On the other hand, I’d be much happier with Reagan levels of taxation than I am with our current ones.  Reagan’s Economic Recovery Tax Act of 1981 slashed the top federal income-tax from 70 percent to 50.  What are they, now, again?

                Here’s a better question, Ward… just ignore that last one, it was unfair anyway: what is your optimal tax rate?  Assume that you lack the political power to change the federal budget expenditures by more than 10% (which would be an incredible accomplishment in our current Congress).  What should the tax rates be, given that you can’t cut spending by much more than that?

                Let’s say you’re President Ward, and you can’t repeal all the things you’d like to repeal.  You’re stuck with a bill.  Are you for a balanced budget, or not?

                The best thing for the economy is one party controlling the purse strings and the other controlling the presidency. There have been a number of studies on this.

                I have no argument with this statement.  I stand heartily by it, cheer, and wave a flag.

                You can’t look backwards and pretend this is all the fault of GWB.

                I won’t – I don’t, to tell you the truth.  I will ask you, though… on your honor!  You look back and tell me how much if it is GWB’s fault.  You do it.  He’s nominally on your team.  Fess up to the errors, Ward: you must confess your sin in detail before I will grant you penance, let alone absolution.  Perhaps you should consider a guest post.  A public “mea culpa, mea culpa, mea maxima culpa” on behalf of the Republican party.  What *should* we blame the GOP for, as far as you’re concerned?

                How has the GOP done? Well, they didn’t step on the 3rd rail when GWB was in charge. But there wasn’t a tea party to hold their feet to the fire, and everyone acted like it was BAU.

                And assuming that the GOP wins both houses (with or without the Presidency) – will they continue to feel like their feet are held to a fire?  How about if they also have the Presidency?  Can they resist another Medicare part D?  Go back to the second paragraph of yours I just quoted above: the best thing for the economy is one party controlling the purse stings and another controlling the Presidency.  On that basis: if it seems very likely that the GOP will win both the House and the Senate… are you going to vote for Barry even though you hate him so?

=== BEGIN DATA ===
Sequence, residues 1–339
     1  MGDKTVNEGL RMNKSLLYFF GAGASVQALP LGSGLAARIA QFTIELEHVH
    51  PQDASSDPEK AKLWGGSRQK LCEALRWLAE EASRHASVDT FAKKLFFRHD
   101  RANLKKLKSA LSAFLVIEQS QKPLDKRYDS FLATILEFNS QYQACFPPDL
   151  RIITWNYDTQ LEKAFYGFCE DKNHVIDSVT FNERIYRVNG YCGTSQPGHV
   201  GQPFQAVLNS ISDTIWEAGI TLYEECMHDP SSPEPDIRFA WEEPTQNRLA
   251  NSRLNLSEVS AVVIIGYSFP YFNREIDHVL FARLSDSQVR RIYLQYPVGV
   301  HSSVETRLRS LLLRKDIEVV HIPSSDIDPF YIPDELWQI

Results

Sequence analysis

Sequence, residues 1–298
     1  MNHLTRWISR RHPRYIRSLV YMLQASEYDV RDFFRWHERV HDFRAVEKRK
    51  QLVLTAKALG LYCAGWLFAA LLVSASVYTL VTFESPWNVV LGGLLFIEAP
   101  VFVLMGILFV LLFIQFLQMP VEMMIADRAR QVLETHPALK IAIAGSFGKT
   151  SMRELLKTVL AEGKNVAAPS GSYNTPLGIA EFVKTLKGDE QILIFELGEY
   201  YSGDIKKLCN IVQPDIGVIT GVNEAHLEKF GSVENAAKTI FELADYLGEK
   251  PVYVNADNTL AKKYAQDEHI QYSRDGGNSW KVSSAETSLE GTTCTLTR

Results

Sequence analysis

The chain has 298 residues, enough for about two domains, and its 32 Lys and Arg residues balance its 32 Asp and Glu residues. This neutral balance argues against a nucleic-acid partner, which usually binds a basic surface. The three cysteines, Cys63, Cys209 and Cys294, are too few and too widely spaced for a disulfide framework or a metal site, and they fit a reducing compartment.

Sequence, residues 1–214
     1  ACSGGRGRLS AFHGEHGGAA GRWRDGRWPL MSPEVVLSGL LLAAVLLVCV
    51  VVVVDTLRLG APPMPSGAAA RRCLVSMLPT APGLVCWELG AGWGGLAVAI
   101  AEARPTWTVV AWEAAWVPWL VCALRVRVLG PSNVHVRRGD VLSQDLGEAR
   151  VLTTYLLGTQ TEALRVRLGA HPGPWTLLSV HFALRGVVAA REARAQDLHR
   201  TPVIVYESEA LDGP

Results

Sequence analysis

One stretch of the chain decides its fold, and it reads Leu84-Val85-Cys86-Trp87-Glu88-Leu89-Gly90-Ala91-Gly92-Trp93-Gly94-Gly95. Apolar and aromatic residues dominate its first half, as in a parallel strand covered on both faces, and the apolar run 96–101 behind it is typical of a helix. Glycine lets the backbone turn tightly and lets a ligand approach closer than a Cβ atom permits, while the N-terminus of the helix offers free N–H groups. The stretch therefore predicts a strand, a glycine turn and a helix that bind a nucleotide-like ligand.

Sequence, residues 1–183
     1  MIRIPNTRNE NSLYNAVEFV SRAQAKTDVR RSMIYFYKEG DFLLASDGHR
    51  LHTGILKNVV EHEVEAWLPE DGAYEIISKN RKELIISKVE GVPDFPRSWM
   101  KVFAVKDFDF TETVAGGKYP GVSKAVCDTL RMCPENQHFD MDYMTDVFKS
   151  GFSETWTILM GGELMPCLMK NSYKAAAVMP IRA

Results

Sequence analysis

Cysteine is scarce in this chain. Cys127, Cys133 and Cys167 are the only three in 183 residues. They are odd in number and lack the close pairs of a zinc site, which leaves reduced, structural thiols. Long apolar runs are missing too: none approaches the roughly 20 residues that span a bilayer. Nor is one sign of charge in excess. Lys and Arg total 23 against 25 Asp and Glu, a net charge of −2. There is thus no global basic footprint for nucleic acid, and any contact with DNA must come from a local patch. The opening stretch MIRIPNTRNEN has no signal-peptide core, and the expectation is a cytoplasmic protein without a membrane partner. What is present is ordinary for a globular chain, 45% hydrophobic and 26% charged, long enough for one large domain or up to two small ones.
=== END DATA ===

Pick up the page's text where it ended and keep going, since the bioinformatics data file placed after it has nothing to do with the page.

If not, please explain why not, given the evidence you’ve already entered into the record, counselor.

                Not so sure about President Cahalan tho. 😉

                I would do a lot of things that both parties would abhor.  In fact, you can line up both party platforms and odds are pretty good I would do the exact opposite of half of the things on both teams’ respective lists.Report

              • Avatar Tom Van Dyke in reply to Koz
                Ignored
                says:

                And slashed the top rate to 29% in 1986.  But it’s such a labrynth, the deals that had to be cut with Tip O’Neill and the Dems in both

                http://en.wikipedia.org/wiki/Tax_Reform_Act_of_1986

                and with Kemp-Roth in 1981, that it’s hard to reduce this to bumper stickering or even grenade toss.  I do think that Reagan getting the top rate down from 70% to 29% is enough of a point to hold without getting into the tall weeds, and the argument that “Reagan raised taxes” untenable: Tip O’Neill raised taxes, and Reagan horsetraded them for other things.

                ____________________

                The estimable Dr. Hanley links a persuasive, indeed probative argument that Bush41 was losing before Perot got back in, and would have lost to Clinton regardless of Perot.  Time to put that one to bed, absent a viable counter.